April 12, 2012

Get to Know: Tonya Kappes

Welcome, Tonya, to the PP!! and congratulations on The Tricked Out Toolbox.







We can't wait to get to know more.



Seriously, do you see those snuggy commercials?





As a matter of fact, someone gave me a snuggy as a joke for Christmas. . .and one size does not fit all. I began thinking about this concept and how it relates to marketing and promoting books.

April 10, 2012

MOOD MUSIC by Kathy Ivan

Do you write to music? I normally don't. With my day job as a medical transcriptionist, I have headphones on pretty much all day long, with doctors droning on and on about diseases and procedures and all manner of things medical. So when it comes time to write, I like the sounds of silence around me. But, I do like to set a mood to get me ready to write.

But for some reason I've been really paying attention to the words of songs recently. Some songs seem like they're just words and music strung together to a tempo or beat that gets your feet moving, but doesn't really inspire anything more. Other songs can tell complete stories within a short 4 minute span of time and capture the imagination.

I'll be honest, most of the time I'm listening to country music. Occasionally will throw in some older rock (60s and 70s stuff mostly). But I've got a real soft spot for a man who can belt out a great song. (Don't get me started on the old musicals--Give me Howard Keel any day of the week and I'm a happy, happy girl.) Combine the tune and the words all coming together to tell a story and my mind begins forming all kinds of ideas for novellas, books, or just individual scenes. Somehow it all works.

A favorite song (and singer) of mine is this: (Not the greatest video but just listen to that voice and the words--the song is wonderful)

April 9, 2012

Kathy Ivan AWARDED for Desperate Choices


CONGRATULATIONS TO PLOTTING PRINCESS,
KATHY IVAN! 

Joyfully Reviewed named Desperate Choices best picked by reviewers as 2011 best read!!!

April 6, 2012

PP AWARDED SUNSHINE AWARD!

Patti Yager Delagrange nominated the Plotting Princesses blog the Sunshine Award. We are honored she thinks so highly of us!


Here's a few THINGS about the PP GALS:

Favorite Color:  The glittery colors of silver and gold like on our tiaras

Favorite Book:  We love all books, who could pick just one!

Favorite Food:  The PP gals love food, wine, and especially chocolate.

Favorite word: All words are wonderful.  A favorite word is "published." 

Favorite Flower: We adore flowers, especially when given for a writing milestone.

Best Experience: Seeing our "babies" published.

Thank you, Patti, for nominating us!

April 5, 2012

New Princess Here!


Hello! *waving* Thanks for having me on the blog today. As one of the newer Princesses, Kathy sent me some interview questions to help me get to know all you loyal Plotting Princess followers! Yay for interview questions. Here's hoping my answers are interesting, if not charming.

How did you get from your day job to writing romance?
I’d always written, here and there. But I started, devoting most of my free time to my demanding characters, about 2 1/2 years ago. Writing helped me through a period of transition and grief – it helped me cope in a productive way.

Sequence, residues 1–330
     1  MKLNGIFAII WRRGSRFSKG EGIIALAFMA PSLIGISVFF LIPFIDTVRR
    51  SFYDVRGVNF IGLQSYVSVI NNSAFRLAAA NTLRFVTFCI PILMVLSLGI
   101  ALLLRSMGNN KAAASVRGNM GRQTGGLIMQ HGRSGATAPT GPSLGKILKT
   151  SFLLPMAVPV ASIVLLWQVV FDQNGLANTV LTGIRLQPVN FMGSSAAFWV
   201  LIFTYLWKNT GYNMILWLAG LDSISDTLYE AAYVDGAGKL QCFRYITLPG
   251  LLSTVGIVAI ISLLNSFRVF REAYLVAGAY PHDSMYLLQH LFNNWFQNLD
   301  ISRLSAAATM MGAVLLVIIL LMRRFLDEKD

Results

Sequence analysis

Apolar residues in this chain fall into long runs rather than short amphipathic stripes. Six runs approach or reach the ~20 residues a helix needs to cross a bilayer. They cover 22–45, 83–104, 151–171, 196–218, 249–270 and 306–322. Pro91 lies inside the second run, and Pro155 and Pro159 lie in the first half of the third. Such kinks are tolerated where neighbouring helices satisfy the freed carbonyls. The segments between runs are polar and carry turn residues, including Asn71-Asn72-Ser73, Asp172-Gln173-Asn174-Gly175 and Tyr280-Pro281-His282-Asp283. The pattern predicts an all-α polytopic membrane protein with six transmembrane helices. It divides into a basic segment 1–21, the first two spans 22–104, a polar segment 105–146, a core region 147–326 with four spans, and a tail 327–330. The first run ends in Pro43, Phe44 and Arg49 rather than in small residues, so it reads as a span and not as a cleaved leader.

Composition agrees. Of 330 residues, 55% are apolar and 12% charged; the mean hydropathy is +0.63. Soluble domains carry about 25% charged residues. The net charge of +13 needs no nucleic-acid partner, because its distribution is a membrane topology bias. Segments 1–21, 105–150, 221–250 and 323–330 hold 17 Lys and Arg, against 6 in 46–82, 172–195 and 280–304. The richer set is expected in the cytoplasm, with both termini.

What are your three favorite books of all time? I’m going to mention my 3 favorite romance novels – I have too many books that I loveOutlander – Diana GabaldonHeather and Velvet – Teresa MedeirosLily of the Nile (Song of the Nile too) – Stephanie Dray – she’s up for a RITA this year by the way (fingers crossed)

Morning, afternoon, or evening person?As a mom of four – I’m an ANYTIME writer.

Music--with or without? What kind?I believe in the power of a book soundtrack. For my Hollywood Contemporaries – I stick with Nora Jones, Michael Buble, that kind of stuff. For my Romantic Fantasies I use movie soundtracks – Gladiator, Immortals, Spartacus, you know, epic, moody stuff. I need music to really hammer out the pages.

First or third POV?Interestingly enough – contemporary in 1st and fantasy in 3rd. Don’t know why – it’s just worked that way so far.

April 2, 2012

What Kind of Stories Do You Like To Read?

As a writer, I'm often asked how I get my ideas. I wish I could say, a bolt of lightening jolts me out of my everyday life, and I'm delivered a brilliant idea with a full blown plot. I can't say that's ever happened to me, and usually my plots evolve. I get a small germ of an idea and then I start trying to figure out how to express that thought, what kinds of characters and what turning points are going to express my theme. And theme...that doesn't usually appear until after the first draft.

But the reason I tell you this is because I recently realized that many of my stories are about brides or weddings. Here, are just a few of my "Bride" stories. There is A Scarlet Bride, The Burnett Brides - The Rancher, The Burnett Brides - The Outlaw, and The Burnett Brides - The Marshall. I also wrote The Wanted Bride, which I hope to have available June 1. It seemed like an appropriate time of the year for that book.




It kind of surprised me that I'd written so many stories about brides. Then I remember the series I wrote based on three women who all learn they are married to the same man within the first five pages of the book.
Recently, I've been tackling a secret baby book, and I thought that was different for me, until I realized that I'd already written one secret baby book.

Many times as a writer we're looking for unusual plots, but find we're writing the same plots with a different twist. According to one book I read there are only twenty plots in the world and all of our stories are based on these twenty plots.